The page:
An Arts-Based Educational Exhibit on Menopausal Hot Flashes

Janet S. Carpenter, PhD, RN, FAAN; Mark Kesling, BS, MS; Karen K. Schmidt, MSN, RN

Disclosures

Menopause. 2019;26(9):1062-1067. 

In This Article

Methods

The Development Process

The exhibit concept stemmed from a series of sketches created by the first author as a way of organizing thoughts about the topics that could be included in an educational resource for the public. The sketches emerged spontaneously via the creative process and were not drawn systematically according to an a priori plan. It quickly became apparent that the resource could be artistic and visual. The literature searches revealed the value of the creative arts as described above.

As the exhibit concept took shape, the first author sought feedback iteratively and informally. Twelve people reacted to a verbal description of the exhibit idea and 10 reviewed sketches and a concept paper. The 22 people included 15 national leaders in women's health or arts-based dissemination of science, four female faculty colleagues, and the director and two staff members of an international menopause professional organization. These individuals provided feedback on the overall concept, scope, and breadth of the exhibit. Although there were some discussions about whether to include other menopausal symptoms, the consensus was that a focus on hot flashes was appropriate based on the amount of information to be conveyed and fact that an exhibit like this had not been previously attempted. Thus, additional information was not added to the exhibit from this feedback.

In the process of obtaining feedback, the first author started an informal partnership with the second author who is an experienced exhibit designer and leader of a nonprofit organization connecting art, science, and the community. The second author assembled artists and an engineer to be part of an exhibit design team. The design team further vetted the concept and produced professional illustrations from the initial sketches.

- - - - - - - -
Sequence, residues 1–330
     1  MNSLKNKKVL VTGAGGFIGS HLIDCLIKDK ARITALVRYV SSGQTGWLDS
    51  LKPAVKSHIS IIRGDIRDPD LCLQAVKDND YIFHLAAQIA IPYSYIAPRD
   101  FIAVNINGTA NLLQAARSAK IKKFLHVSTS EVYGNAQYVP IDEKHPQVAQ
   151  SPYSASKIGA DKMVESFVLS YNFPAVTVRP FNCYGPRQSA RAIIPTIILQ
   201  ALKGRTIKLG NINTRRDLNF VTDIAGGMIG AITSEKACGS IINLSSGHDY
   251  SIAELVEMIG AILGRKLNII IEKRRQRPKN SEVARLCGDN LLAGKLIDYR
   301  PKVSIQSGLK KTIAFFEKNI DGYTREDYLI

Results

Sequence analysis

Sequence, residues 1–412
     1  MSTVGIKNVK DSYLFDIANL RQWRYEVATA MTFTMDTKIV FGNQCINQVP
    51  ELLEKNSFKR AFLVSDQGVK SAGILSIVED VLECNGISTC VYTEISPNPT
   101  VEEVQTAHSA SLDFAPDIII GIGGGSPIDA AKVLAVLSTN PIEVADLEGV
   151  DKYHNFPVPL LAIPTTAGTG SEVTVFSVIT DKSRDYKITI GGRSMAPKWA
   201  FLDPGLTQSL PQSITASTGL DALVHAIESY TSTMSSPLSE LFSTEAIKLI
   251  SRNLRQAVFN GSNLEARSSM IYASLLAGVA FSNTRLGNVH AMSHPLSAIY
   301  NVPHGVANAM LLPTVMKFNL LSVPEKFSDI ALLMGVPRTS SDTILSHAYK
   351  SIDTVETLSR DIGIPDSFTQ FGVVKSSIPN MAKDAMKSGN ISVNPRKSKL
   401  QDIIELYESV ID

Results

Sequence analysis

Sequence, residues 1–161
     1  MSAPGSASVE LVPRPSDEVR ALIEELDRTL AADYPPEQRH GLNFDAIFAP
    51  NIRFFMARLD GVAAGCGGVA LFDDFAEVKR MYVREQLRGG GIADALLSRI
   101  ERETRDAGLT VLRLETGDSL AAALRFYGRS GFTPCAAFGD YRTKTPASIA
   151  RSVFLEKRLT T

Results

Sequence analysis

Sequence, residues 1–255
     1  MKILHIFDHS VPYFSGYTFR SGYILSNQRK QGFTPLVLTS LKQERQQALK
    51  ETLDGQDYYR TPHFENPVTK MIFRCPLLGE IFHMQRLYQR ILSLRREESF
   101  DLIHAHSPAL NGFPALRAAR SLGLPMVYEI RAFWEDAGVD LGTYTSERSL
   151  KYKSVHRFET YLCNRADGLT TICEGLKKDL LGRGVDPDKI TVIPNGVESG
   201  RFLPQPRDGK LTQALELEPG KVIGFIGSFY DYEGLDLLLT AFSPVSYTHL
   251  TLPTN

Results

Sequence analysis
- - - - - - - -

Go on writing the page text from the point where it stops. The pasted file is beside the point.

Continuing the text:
Some of the professional sketches were included in applications to fund various portions of the work related to the exhibit. The teams conducting the funded work consist of scientists and artists. Internal funding has provided a means to develop some of the exhibit pieces, video-document the exhibit work, and travel to show the exhibit. External funding provided a means to obtain focus group feedback to refine the exhibit and measures of its impact as well as hold public viewing events to obtain additional feedback on a prototype exhibit. The prototype exhibit consisted of 12 professionally designed graphic renderings of what the full-scale exhibit and exhibit pieces will look like, written explanations of the exhibit pieces (in English and Spanish), a professionally designed logo, and a 32-inch foam board model with miniaturized three-dimensional printed exhibit pieces. The data obtained in these funded projects are published elsewhere[46,47] and will be useful for identifying target audiences, securing exhibit display venues/locations, marketing, and designing research to evaluate the impact of the full-scale exhibit. To be able to build and show the full-scale exhibit locally, nationally, and beyond, there will be an ongoing need for funding.

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